I'm also putting on a K&N oil filter with a higher spec than the stock one and putting a couple of hard drive magnets on the bottom of it to catch any metal shavings dancing around in there.

I did the oil change yesterday. I've done thousands of oil changes (it put me through university).  If that oil was changed last fall I'm a monkey's uncle.  The Triumph filter on it had rust on it, the drain plug didn't look like it had been taken off any time recently.  Either the previous owner didn't do it, or his mechanic lied to him.  The oil was black and punky too, looking like it had been in there a long time.

With that all done I'll now look to see how much oil I'm missing every thousand kilometres (it's 3-400ml at the moment - but goodness knows what was in it or for how long).  The moral here is change the oil when you buy a used bike - you can't trust what happened before it was yours and oil is vital to keeping an engine running well.  I'm looking forward to seeing what new, correct oil does for the bike moving forward.


Other than keeping it shiny and lubricating cables and controls, there isn't much more needs doing.

It's supposed to be a beautiful long weekend.  I'm hoping to get out for some time on my very orange Tiger in my very orange Tiger shirt.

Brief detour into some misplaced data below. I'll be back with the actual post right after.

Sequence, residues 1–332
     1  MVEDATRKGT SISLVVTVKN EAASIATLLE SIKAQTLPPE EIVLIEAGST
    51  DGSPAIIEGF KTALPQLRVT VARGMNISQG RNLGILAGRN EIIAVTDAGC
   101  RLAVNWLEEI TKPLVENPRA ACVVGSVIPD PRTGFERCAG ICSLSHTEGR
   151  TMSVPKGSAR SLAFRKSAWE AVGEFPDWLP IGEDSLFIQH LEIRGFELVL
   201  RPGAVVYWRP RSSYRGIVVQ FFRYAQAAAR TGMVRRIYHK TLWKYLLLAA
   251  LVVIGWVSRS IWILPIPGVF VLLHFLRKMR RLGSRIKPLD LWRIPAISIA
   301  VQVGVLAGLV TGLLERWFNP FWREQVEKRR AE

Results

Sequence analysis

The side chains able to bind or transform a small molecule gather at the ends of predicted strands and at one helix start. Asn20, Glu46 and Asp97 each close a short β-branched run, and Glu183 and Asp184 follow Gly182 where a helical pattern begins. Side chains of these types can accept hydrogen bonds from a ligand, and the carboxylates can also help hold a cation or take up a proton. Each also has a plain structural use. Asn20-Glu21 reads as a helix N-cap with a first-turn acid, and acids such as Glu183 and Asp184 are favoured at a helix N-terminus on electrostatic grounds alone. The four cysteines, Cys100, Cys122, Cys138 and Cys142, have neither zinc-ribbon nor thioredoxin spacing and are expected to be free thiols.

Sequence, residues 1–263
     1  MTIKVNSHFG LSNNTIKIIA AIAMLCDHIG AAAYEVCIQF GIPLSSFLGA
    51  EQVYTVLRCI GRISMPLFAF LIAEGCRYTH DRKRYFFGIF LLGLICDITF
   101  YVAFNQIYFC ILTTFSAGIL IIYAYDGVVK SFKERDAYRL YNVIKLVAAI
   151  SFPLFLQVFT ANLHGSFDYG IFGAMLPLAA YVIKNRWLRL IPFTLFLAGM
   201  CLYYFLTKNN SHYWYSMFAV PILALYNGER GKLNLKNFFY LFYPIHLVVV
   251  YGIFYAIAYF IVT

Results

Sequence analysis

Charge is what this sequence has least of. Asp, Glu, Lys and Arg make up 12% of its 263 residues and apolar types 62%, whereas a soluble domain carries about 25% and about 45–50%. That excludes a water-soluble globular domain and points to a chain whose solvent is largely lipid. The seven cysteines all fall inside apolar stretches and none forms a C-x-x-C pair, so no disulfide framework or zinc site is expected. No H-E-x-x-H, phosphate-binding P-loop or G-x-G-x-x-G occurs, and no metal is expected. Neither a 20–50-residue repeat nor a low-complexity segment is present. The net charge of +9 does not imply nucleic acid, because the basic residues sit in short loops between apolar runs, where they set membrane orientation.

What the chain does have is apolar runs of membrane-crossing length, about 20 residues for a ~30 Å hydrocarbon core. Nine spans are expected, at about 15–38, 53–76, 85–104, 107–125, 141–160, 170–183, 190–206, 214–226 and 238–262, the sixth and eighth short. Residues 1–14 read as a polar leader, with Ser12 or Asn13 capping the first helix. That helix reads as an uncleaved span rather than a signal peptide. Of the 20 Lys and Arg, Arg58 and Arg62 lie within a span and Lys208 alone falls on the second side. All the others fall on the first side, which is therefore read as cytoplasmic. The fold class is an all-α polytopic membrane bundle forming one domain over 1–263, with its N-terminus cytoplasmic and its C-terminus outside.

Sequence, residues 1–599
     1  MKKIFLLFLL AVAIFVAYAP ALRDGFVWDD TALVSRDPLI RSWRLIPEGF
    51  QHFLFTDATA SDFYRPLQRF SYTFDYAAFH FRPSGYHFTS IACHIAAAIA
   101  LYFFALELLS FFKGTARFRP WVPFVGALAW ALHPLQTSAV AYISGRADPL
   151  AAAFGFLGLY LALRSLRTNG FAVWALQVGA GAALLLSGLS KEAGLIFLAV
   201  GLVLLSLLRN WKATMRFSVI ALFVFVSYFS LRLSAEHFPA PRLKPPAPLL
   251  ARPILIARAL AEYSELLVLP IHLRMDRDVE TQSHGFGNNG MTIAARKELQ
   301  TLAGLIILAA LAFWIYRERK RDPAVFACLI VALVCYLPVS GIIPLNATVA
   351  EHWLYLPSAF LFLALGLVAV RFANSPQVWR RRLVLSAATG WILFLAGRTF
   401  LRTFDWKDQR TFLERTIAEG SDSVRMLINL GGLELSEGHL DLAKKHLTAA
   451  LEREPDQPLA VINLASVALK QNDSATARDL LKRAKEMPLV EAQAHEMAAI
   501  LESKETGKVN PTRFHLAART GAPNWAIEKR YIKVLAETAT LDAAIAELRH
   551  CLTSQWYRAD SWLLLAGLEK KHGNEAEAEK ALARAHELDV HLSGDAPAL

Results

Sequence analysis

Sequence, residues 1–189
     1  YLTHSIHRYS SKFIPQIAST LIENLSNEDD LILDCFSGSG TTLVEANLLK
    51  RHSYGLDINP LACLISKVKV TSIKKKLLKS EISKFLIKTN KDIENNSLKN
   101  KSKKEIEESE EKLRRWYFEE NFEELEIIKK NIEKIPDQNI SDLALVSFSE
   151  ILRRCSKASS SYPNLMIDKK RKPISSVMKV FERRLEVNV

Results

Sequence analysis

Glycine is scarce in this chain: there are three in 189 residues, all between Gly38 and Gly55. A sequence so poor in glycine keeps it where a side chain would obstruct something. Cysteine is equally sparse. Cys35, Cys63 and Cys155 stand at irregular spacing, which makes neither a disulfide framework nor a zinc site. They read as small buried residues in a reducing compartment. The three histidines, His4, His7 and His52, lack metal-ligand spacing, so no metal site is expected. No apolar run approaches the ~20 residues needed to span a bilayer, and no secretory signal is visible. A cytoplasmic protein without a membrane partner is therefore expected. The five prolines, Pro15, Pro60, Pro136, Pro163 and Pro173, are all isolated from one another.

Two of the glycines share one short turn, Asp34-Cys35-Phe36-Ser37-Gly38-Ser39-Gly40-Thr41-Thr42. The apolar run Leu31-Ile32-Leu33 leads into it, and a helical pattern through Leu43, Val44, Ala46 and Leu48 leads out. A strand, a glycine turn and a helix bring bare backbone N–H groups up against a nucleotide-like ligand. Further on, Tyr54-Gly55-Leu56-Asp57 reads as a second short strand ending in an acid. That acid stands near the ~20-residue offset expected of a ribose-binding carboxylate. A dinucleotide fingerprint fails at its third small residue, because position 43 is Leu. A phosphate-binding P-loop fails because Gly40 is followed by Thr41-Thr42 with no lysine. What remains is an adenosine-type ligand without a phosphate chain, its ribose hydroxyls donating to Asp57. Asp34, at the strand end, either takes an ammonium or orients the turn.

Sunday, 22 July 2018

Triumph ATLAK Meet Up

The day after my Kawartha Highlands Loop I made my way north into the fancy cottage country of the Muskokas looking for Triumph's ATLAK tour Southern Ontario stop.  It says Toronto on the poster, but Torrance is over two hours and two hundred kilometres north of that.  

A chance to ride the new Tigers was very enticing so I set off with high expectations.  I'd filled up on the way in to the cottage two days earlier then done the big loop around the Kawarthas the day before.  Just after 11am I set out on hot, July Saturday with the gas gauge just above the empty bar figuring I'd fill up when I came across a gas station on the 140+kms ride up there.

From near Bobcaygeon I made my way through Kinmount and Norland on the twisty Monck Road/County Road 45.  Still no gas in sight, but I was having a good time with the light and frisky Tiger.  By the time I headed north on the 169 past Casino Rama I was astonished that I wasn't stranded yet, and the fuel light still hadn't made an appearance.  I was through Washago and onto Gasoline Alley on Highway 11 and still nothing, but if I ran out of gas on Gasoline Alley it would have made a good story.

I finally pulled into a Shell on the side of the highway just past noon, still with no warning light on.  The 24 litre tank took just over 22 litres, so I still had some wiggle room.  At about 460 kms on 22 litres of fuel, the Tiger, with 250lb me and two panniers with tools and rain gear in them managed over 49 miles per gallon (4.8 litres per 100kms), that's within one mile per gallon of a Prius, and I wasn't riding it gently.  I'm not sure how much fun driving a Prius is, but it's never doing 0-60 in four seconds like the Tiger had been, and the Tiger isn't a black hole of resource production in its manufacture.